Valentino’s Creative Director Is Departing

The fashion house Valentino announced on Friday that Pierpaolo Piccioli, its creative director, would be leaving after more than two decades at the brand and just weeks after unveiling a much heralded women’s wear collection during Paris Fashion Week.

Mr. Piccioli was instrumental in redefining Valentino for the era after the retirement of the brand’s founder, Valentino Garavani. Worn by celebrities like Frances McDormand and Florence Pugh, his work combined ease and elegance in an ineffably modern way.

“I’ve been in this company for 25 years, and for 25 years I’ve existed and I’ve lived with the people who have woven the weaves of this beautiful story that is mine and ours,” Mr. Piccioli, 56, said in a statement.

The news of his departure sent reverberations around the fashion industry. “I’m between stunned and stupefied,” Linda Fargo, the fashion director of Bergdorf Goodman, wrote in an email.

Mr. Piccioli had been the sole creative director of Valentino since July 2016, when Maria Grazia Chiuri left to become creative director at Dior. The duo had run the design side of the house since 2008, a decade after joining the Rome-based company in 1999.

Though it had often been presumed by observers that the romance of their clothes came from Ms. Chiuri and the edge from Mr. Piccioli, when the pair separated, it became clear that he was, in fact, the more dreamy of the two.

His shows often seemed like immersions in a painterly netherworld of unexpected palettes and gorgeous lines, complete with ostrich feather hats that trembled like sea anemones with the breeze. He held couture extravaganzas on the Spanish Steps in Rome and at the Château de Chantilly near Paris.

In 2022, he devoted almost an entire ready-to-wear collection to a new hot pink — called “Pink PP” after his initials — that proved a hit with celebrities and an effective viral marketing tool. However, his most recent ready-to-wear collection was entirely black, a reflection of the dark times in which we are living, he said before the show.

“When you are aware of the darkness, you can look to the light,” Mr. Piccioli said. “But we have to face that, not escape it.”

Beloved of the atelier — he often brought the entire team out on the runway with him to take a bow after his couture shows — and an anomaly in a fashion world where founders often resent the designers who later lead their brands, Mr. Piccioli retained a close relationship with both Mr. Garavani and his co-founder, Giancarlo Giammetti, both of whom were often applauding from the front row of Mr. Piccioli’s shows.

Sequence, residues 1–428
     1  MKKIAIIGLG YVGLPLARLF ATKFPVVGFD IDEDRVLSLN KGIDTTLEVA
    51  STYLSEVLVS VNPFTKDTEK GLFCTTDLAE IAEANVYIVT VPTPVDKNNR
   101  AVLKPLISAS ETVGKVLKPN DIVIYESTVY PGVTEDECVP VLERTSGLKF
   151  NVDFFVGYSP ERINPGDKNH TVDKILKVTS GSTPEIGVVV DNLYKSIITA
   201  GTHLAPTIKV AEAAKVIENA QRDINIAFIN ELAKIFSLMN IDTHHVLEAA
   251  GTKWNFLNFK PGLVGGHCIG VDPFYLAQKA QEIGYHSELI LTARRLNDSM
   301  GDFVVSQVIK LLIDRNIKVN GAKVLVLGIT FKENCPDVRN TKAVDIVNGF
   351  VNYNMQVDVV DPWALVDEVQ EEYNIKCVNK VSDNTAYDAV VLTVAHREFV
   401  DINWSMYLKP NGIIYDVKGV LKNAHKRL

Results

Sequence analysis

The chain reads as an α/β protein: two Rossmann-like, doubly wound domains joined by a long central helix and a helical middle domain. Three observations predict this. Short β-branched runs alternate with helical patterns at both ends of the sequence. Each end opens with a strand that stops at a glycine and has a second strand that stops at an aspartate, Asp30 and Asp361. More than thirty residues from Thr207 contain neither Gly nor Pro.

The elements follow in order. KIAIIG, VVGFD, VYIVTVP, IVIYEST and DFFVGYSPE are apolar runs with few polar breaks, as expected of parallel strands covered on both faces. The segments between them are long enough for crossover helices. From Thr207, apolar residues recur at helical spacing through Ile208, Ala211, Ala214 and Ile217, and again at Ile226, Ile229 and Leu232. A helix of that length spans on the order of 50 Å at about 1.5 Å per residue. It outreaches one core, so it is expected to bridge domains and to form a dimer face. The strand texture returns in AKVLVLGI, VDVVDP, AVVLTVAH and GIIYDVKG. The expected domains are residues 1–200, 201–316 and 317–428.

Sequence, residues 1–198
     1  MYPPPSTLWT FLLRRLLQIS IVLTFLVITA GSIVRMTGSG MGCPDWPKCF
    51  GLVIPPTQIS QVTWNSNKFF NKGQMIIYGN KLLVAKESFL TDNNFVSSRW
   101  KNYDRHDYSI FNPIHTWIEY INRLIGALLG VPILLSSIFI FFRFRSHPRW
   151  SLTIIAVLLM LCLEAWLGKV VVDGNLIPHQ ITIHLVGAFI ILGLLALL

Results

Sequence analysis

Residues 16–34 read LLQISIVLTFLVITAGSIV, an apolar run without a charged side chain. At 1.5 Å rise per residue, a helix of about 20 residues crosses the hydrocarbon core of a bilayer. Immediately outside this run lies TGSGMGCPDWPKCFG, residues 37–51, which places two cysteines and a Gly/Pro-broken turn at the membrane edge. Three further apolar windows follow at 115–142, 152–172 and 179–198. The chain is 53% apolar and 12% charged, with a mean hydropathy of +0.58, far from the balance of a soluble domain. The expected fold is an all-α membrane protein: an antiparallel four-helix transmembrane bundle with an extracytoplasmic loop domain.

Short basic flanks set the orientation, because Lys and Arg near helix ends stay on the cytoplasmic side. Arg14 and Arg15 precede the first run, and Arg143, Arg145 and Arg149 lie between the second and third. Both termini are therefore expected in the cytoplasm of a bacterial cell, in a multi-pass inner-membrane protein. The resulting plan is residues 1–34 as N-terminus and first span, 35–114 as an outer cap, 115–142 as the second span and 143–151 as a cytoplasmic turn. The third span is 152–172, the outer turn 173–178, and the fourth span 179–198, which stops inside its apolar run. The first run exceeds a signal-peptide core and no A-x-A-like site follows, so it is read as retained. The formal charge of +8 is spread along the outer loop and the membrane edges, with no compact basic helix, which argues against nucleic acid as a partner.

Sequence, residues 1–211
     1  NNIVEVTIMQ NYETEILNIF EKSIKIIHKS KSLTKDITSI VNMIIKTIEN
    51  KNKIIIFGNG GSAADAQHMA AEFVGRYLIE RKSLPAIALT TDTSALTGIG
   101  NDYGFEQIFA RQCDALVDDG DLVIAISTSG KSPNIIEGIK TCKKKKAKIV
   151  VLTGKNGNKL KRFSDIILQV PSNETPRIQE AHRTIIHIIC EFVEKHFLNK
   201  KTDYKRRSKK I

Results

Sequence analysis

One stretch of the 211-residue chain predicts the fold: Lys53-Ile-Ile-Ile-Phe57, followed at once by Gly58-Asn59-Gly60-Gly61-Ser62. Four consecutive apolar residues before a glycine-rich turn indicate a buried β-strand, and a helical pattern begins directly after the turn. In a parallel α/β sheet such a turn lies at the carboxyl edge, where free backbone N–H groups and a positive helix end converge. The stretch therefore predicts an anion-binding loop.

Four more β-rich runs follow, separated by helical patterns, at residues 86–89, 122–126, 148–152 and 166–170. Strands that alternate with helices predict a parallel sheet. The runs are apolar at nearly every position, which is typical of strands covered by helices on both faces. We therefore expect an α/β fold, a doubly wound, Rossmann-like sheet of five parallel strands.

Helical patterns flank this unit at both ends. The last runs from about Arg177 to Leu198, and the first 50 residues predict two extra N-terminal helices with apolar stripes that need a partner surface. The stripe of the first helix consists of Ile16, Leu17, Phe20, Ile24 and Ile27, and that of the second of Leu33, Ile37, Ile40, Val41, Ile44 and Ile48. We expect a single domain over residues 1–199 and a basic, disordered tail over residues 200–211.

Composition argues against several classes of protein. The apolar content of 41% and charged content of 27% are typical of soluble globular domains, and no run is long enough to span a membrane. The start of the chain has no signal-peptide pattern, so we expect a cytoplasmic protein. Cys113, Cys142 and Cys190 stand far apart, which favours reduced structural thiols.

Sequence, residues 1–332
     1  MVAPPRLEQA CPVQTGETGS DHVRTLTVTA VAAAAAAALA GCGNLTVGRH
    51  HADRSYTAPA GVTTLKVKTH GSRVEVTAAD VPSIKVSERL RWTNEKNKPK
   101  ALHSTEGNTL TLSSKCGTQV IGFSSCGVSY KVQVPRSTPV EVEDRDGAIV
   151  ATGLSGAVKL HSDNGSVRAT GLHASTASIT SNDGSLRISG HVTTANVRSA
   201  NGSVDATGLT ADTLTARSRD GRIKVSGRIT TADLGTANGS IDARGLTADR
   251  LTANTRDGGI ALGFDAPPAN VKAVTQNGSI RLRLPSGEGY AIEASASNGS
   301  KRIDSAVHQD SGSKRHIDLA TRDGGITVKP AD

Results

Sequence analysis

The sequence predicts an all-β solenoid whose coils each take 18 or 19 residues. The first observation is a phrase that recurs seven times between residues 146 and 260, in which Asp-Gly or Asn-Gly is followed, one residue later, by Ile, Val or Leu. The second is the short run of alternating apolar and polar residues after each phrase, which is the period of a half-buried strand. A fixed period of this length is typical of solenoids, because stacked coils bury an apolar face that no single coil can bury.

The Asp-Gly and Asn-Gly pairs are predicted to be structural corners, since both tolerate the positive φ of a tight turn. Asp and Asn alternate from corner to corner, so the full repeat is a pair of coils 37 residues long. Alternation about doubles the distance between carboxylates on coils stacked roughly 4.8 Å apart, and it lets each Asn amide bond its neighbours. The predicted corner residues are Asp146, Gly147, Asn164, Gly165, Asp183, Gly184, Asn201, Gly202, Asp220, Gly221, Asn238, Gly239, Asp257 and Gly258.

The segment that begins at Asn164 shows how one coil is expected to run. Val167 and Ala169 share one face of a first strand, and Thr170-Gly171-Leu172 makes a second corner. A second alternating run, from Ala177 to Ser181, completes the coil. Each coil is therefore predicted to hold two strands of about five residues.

“Thank you, PP, for these twenty years together and may your path continue with your head held high and with the success you deserve,” Mr. Giammetti wrote on Instagram.

However, Mr. Piccioli had in recent years begun to push back against the fashion system, which he felt prioritized merchandising and buzz over humanity and often paid lip service to inclusivity without actually following through.

“The money has won,” he told The New York Times before his January couture show. “Producers are stronger than musicians,” he said. “Galleries are stronger than painters. And big groups are stronger than designers.”

The news of Mr. Piccioli’s departure led to speculation around a series of shake-ups by its parent group. Valentino was acquired for around 700 million euros in 2012 by Mayhoola, an investment fund backed by the emir of Qatar that also owns the French fashion house Balmain, where both the chief executive and chief marketing officer have left in the last two weeks.

Last year, Mayhoola sold a 30 percent stake in Valentino for $1.87 billion to the luxury goods conglomerate Kering, owner of brands like Gucci and Saint Laurent. Kering retained an option to purchase the remaining shares by 2028, and Mayhoola said there could be more deals that would cement the alliance.

“A new creative organization for the Maison will be announced soon,” Valentino said in a statement.

“We extend our deepest gratitude to Pierpaolo for writing an important chapter in the history of the Maison Valentino,” Rachid Mohamed Rachid, the chief executive of Mayhoola and chairman of Valentino, said on Friday, after the news was published in Women’s Wear Daily.

Robert Burke, the founder of an eponymous luxury consultancy, said he expected Kering would move to acquire the rest of Valentino sooner than 2028. “They probably want something to compete with Dior,” he said. “Pierpaolo did an excellent job, but to really catapult it to the next level, they are probably looking at multiple changes.”

Mr. Piccioli’s exit was the second major departure by a top designer in the fashion world this week. On Tuesday, the Belgian designer Dries Van Noten said his men’s wear show in June would be his last after more than 40 years in the business. Like Mr. Piccioli, Mr. Van Noten was known for the generosity of his approach to design and business and his embrace of beauty.

As a result, wrote Ms. Fargo of Bergdorf Goodman, “one can’t help but be concerned about the talent pool of greats.”

No information was given as to what Mr. Piccioli might do next but, “his aesthetic is a very bankable take on fashion,” Mr. Burke said.

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